Reinventing Public diplomacy in Afghanistan
With the end of the security transition process and the withdrawal of foreign troops from Afghanistan next year, the dominant military paradigm of the past twelve years will be replaced by a civilian-led international effort that continues to support long-term peace, stability and development. Without foreign ‘boots on the ground’ that can win hearts and minds, public diplomacy efforts will again become more important in our relationship with the Afghan people.
The challenge, however, is how to reinvent public diplomacy in a new political environment that is fraught with uncertainty and instability. In a first study, the Clingendael Institute recently compared the Dutch and American approaches of public diplomacy in Afghanistan. It found three basic differences. First, within the American model, culture is often used to create a narrative for the American interaction with the Afghan people, ultimately aimed at achieving foreign policy objectives. In the Dutch model, however, it is the other way around: cultural exchanges are primarily valued as positive assets in themselves, and only secondarily as instruments of foreign policy.
Second, the American model links public diplomacy efforts abroad openly to the ideological dialogue between the West and Islam. It is therefore also more linked to counter-insurgency and counter-terrorism objectives in Afghanistan. In contrast, the Netherlands has a more independent policy that separates public diplomacy efforts as much as possible from the military conflict. The Dutch focus is especially on cultural diplomacy: supporting both Dutch and Afghan culture, and any linkages between the two.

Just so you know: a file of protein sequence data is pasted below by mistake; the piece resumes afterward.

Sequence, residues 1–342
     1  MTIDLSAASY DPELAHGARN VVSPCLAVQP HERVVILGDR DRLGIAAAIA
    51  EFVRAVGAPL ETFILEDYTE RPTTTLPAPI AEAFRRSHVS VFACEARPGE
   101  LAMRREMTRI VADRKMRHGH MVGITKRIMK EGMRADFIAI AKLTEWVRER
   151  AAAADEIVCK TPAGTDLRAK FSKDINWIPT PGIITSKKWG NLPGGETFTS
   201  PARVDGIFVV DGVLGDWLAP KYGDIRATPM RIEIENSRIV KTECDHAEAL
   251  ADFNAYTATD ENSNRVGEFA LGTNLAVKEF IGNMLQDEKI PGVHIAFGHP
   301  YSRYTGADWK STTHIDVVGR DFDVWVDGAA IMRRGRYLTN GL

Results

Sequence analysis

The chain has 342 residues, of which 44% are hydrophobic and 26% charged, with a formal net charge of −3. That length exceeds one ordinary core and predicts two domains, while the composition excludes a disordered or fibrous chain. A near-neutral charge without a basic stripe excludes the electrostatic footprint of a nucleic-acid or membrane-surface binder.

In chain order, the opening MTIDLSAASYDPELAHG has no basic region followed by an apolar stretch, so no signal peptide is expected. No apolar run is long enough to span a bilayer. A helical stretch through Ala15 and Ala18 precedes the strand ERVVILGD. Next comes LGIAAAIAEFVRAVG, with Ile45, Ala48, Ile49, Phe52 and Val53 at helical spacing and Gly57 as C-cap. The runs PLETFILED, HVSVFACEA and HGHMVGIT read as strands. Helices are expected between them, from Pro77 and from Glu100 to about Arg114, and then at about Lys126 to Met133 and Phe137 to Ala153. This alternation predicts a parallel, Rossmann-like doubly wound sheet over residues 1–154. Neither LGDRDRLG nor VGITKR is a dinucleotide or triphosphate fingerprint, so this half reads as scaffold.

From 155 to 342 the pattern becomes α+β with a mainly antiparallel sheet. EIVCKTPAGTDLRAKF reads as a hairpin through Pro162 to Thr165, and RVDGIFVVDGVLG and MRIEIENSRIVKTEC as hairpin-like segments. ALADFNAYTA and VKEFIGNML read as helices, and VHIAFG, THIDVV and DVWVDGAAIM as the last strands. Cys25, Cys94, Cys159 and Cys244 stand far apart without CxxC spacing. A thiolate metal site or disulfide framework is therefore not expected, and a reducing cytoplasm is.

Third, given the larger US military profile abroad, their public diplomacy efforts have become a defensive mechanism, used to counter the negative perceptions of the US that result from its military operations in Afghanistan. In comparison, the Netherlands has had a much lower profile in Iraq and Afghanistan – even while in charge of Uruzgan province between 2006 and 2010 – which meant public diplomacy was never used as an instrument of damage control. The problem with the Dutch approach, however, is that the Netherlands have very few funds available to support public diplomacy initiatives in Afghanistan.
What is needed beyond 2014 is an approach that is disconnected from the current military framework. Such an approach departs from the more modest and non-military Dutch model, but includes the broader political and especially financial commitment of the American model. The new narrative of the public diplomacy discourse in Afghanistan should especially be about common values and common interests. It should convince Afghans why it is in their interest to align themselves with the West and to protect our shared interests from potentially malignant influences found in Afghan society.
* This article originally appeared in the Diplomat Magazine.